Coming to tools, most power tools also have motors in them. Electric Drills, Saws (Circular, Miter, Table, etc.), sanders, air compressors, etc. all have motors.

When you start any of these motor-powered devices, there will be a surge in the power for two to three seconds as the motor tries to start to pick up the pace. This power will be two to three times the running watts (or even more).

The reason for this high power draw is the high surge current (also known as inrush current) that the motor draws to start from a stop position. Once the motor reaches its ideal speed (ideal in terms of its operating conditions or settings), the current falls quickly and remains more or less the same.

This concept of “surge” current applies only to motors and therefore, all motor-based devices.

So, in the previous example of electric iron, when we say 1,200 watts, it is the running watts of the iron and there are no starting watts in this case. Similarly, other devices and appliances such as light bulbs, heaters, microwave ovens, coffee makers, toasters, TV, Speaker systems, computers, etc. do not have starting watts but only running watts.

In the context of a Generator

When you are browsing generators (either online or in brick and motor stores), the first thing you need to look at is the output power of the generator. This is where the confusion begins. With most generators, you will see two ratings associated with power.

The first thing is the Rated Watts. This is the power output of the generator (obviously in watts) that it produces for the normal operation of all the appliances. It is also known as Continuous Watts or Running Watts.

Another rating is the Surge Watts, which is also known as Peak Watts or Starting Watts. It is the short burst of high power that the generator can provide to start motor-based appliances.

Usually, a generator’s Starting Watts or Peak Watts rating will be more than its Running Watts or Rated Watts.

Importance of Generator Starting Watts and Running Watts

Before connecting any motor-based appliance to a generator, the important thing you need to check is if the generator can provide the necessary surge power or not.

For example, you calculated the total power requirement for all the devices you want to run is around 5,000 watts. There are a couple of motor-based appliances here (a refrigerator and a water pump).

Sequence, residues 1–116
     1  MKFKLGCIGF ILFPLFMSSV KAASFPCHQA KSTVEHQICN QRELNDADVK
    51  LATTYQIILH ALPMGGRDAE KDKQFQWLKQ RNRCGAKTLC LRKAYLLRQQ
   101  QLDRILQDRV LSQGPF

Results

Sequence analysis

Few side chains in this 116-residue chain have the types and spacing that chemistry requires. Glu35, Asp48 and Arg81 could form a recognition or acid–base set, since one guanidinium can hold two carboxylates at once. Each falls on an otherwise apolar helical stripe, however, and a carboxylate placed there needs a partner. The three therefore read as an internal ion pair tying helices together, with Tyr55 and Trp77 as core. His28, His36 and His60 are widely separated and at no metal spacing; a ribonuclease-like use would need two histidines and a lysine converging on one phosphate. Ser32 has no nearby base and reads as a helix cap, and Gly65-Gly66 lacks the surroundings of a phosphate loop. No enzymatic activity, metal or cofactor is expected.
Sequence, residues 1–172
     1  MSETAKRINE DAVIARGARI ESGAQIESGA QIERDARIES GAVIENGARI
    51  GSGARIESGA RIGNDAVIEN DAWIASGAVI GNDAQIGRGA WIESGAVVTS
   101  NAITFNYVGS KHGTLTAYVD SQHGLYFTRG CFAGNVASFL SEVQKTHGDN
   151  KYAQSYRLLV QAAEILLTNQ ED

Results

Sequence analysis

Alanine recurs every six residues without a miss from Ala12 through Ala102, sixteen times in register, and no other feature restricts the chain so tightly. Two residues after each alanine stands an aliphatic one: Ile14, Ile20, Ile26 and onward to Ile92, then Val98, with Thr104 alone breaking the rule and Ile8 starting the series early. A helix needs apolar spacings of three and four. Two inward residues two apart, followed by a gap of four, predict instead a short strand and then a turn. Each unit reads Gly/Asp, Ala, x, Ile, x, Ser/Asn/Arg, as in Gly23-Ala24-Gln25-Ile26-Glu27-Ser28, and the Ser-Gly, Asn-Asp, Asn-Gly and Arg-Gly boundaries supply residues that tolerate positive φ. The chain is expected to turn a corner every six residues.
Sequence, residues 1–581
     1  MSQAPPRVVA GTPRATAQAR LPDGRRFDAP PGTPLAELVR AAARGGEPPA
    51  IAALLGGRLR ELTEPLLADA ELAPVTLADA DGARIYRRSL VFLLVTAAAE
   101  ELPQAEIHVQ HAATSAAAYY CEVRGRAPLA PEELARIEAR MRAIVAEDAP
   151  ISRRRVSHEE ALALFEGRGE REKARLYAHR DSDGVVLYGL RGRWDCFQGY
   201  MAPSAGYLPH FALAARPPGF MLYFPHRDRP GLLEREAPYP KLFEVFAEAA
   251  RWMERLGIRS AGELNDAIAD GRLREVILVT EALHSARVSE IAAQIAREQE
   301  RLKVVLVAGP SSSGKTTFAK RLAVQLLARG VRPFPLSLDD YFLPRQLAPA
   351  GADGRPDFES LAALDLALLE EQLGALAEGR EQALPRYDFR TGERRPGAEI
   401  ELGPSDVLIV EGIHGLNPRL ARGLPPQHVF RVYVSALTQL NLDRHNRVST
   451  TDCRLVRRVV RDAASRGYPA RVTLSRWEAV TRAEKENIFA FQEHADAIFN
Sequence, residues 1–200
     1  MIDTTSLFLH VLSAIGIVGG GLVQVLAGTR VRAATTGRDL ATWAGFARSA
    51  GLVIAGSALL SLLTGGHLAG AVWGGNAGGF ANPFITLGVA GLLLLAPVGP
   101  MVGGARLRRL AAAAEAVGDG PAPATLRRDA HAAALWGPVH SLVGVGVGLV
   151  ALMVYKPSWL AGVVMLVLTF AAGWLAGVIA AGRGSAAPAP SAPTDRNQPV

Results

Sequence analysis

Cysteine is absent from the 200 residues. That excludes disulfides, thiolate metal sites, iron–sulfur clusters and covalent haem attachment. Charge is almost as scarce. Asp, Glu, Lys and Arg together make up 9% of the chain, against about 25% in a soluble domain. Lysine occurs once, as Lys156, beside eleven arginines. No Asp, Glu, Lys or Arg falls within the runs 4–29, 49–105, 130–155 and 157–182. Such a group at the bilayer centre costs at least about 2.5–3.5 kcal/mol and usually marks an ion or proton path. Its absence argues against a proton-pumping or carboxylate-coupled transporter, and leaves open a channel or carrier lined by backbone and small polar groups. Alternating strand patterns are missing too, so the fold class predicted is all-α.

Without considering the Starting Watts of these two devices, you came up with a total power consumption of 5,000 Watts. If you bought a 6,000-Watt generator based on this calculation, then you are in trouble.

There will be a circuit breaker that monitors the current through the receptacles. But if the surge current (while you start the refrigerator or the pump) is more than the rating of the circuit breaker, then the breaker might trip.

If you don’t take surge power or Starting Watts of a device into consideration, then you can damage the appliance, the generator, or in the worst case, start a fire.

So, always take the Starting Watts (peak or surge power) of the device or appliance for calculating the size of the generator. In a later section, we will see a simple procedure to calculate the power capabilities of the generator.

Wattage Reference Guide

As a bonus, we are listing the running watts and starting watts of some common household and workshop devices, appliances, and tools. Note that these numbers are just the typical values for a particular product and the actual values will vary from one product to other. Another important thing you need to note in this table is that the column referring to the Starting Watts is actually the additional wattage of the device that it requires while starting.

Device, Appliance, or Tool Running Watts (Rated Watts or Continuous Watts) Additional Starting Watts (Peak Watts or Surge Watts)
55” OLED TV 100 Watts 0
Microwave Oven (1.2 cubic feet capacity) 1,100 Watts 0
Microwave Oven (0.7 cubic feet capacity) 700 Watts 0
Refrigerator 600 watts 1,800 Watts
Window Air Conditioner (6,000 BTU) 520 Watts 1,560 Watts
Central Air Conditioner (24,000 BTU) 3,500 Watts 10,500 Watts
1/2 HP Water Pump 1,000 Watts 2,000 Watts
Laundry Electric Iron 1,200 Watts 0
Hair Dryer 1,000 Watts 0
Coffee Maker 1,000 Watts 0
Toaster 900 Watts 0
Garage Door Opener (with 1/2 HP Motor) 900 Watts 2,700 Watts
Washing Machine 1,200 Watts 2,400 Watts
Halogen Lamp (Work Light) 300 Watts 0
Electric Drill 1/2” Chuck (6 Amp Motor) 660 Watts 1,320 Watts
Circular Saw (7-1/4” Blade) 1,500 Watts 2,800 Watts
Table Saw (10” Blade) 1,800 Watts 2,000 Watts
Air Compressor (1 HP Motor) 1,500 Watts 4,500 Watts
Desktop Computer with 24” Monitor 800 Watts 0